Do those folks who are angrily ranting about the ‘threats’ of Plaxo realize what data is ALREADY widely (and sometimes freely or cheaply) available about them via their banks, their health insurance company, the department of motor vehicles, the Direct Marketing Association databases, and so on (all of whom are, without a doubt, FAR more palpably evil than companies like Plaxo)? And unlike Plaxo, most of these companies have actively resisted disclosing, much less openly inviting people to check out their privacy policies.
Plus other online entities already have demonstrated the concept of trust. Amazon.com not only has my personal contact info, they also have several of my credit card numbers and my purchase history. What if Amazon.com got bought out, huh, bub? ;-). Strangely, I don’t see too many people flinging epithets at Amazon in their blog entries, speculating about how all their data’ll be sold to the highest bidder if Amazon gets bought out.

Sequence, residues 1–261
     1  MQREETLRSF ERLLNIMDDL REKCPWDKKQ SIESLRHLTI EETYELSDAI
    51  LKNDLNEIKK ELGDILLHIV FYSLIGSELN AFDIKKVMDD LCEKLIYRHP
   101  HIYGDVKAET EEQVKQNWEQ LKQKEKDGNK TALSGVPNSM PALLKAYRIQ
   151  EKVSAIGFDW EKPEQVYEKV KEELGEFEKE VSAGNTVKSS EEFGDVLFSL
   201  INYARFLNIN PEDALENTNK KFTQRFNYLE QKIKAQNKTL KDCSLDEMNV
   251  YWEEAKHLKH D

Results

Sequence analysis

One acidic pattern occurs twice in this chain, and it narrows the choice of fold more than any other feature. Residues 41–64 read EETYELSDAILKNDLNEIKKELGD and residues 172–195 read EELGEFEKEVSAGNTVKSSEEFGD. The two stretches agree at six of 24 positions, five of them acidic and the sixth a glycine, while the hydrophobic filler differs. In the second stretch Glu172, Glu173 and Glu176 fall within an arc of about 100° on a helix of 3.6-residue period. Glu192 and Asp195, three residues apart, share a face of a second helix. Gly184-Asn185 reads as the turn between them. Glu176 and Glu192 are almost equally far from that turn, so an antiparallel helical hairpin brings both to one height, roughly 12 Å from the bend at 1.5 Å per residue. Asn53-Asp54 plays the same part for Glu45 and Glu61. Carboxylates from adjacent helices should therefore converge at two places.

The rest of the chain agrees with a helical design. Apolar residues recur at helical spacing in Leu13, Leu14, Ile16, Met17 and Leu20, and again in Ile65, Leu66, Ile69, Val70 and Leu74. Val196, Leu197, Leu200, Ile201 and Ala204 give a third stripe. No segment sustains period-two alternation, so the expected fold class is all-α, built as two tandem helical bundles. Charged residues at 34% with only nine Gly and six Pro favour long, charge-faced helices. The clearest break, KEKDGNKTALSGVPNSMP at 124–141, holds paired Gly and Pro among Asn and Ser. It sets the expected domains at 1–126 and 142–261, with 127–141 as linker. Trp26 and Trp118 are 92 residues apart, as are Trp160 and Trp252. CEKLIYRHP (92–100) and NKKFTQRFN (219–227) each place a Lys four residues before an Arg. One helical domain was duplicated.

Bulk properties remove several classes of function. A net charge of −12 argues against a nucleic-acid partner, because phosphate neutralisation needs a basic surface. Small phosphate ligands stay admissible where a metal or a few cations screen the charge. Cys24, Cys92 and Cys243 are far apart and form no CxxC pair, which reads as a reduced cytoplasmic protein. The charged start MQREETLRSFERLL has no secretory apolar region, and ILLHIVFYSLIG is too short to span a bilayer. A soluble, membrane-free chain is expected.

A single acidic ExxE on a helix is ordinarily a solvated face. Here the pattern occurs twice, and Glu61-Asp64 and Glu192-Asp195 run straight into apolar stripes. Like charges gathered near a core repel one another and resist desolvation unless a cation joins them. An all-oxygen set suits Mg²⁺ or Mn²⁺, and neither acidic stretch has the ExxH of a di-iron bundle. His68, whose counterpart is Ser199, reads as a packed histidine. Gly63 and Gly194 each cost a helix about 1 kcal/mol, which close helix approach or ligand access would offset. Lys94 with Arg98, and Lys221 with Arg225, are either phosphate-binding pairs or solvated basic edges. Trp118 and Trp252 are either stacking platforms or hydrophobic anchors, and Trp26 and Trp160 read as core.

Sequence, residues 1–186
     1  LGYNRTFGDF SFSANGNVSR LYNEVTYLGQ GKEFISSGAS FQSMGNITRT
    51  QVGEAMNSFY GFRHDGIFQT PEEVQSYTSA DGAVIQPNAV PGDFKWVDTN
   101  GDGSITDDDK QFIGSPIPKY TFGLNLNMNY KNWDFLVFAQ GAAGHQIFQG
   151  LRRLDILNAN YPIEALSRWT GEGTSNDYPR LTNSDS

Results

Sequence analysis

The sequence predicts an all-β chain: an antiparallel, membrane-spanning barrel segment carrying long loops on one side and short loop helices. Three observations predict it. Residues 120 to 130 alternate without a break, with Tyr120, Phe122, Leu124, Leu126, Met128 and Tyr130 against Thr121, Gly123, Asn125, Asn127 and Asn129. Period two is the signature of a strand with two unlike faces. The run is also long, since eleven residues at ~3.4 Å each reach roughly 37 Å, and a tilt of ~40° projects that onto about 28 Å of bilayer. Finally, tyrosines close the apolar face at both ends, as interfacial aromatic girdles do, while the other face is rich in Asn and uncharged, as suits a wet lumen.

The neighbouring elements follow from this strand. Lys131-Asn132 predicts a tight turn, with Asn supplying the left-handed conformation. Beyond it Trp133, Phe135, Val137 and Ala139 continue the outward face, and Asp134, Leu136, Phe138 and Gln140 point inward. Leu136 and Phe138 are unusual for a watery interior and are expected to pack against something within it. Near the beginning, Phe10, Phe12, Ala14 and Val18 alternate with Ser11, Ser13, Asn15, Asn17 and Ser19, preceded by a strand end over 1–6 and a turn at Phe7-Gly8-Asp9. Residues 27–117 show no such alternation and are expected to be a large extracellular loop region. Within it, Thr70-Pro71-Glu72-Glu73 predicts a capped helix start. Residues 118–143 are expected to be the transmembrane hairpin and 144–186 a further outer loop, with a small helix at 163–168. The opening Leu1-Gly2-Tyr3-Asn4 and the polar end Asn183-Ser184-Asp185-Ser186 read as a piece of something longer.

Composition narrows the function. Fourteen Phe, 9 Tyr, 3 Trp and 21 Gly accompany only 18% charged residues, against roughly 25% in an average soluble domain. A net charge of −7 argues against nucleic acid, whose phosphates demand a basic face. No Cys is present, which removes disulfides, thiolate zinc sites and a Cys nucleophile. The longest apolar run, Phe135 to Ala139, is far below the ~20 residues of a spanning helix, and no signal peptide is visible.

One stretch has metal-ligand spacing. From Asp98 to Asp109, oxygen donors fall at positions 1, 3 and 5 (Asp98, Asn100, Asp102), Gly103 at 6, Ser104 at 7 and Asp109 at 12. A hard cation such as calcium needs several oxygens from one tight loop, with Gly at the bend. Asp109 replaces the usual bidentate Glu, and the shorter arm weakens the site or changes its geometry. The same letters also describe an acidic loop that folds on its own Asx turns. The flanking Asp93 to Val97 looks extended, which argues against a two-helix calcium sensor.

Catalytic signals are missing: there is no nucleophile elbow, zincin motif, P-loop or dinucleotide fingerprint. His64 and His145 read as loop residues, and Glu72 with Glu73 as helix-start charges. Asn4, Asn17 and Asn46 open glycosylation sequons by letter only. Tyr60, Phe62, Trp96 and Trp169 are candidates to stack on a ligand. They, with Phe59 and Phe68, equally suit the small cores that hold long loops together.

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Personally, I’m much more worried about my credit card companies’ policies (especially since they STILL persist on trying to sell me crap over the phone!) than I am about Plaxo. For that matter, I also think there’s a zillion-times greater chance of my personal data being stolen and sold by a waiter who has my credit card number in a back room for a few minutes.
Comparative risks, people. Intelligent weighing of risks and benefits. Plaxo offers what I think most would agree is a useful and interesting service. The tradeoff, in my mind, is a no-brainer. Or, in a more direct / less-eloquent way of putting it: get a grip.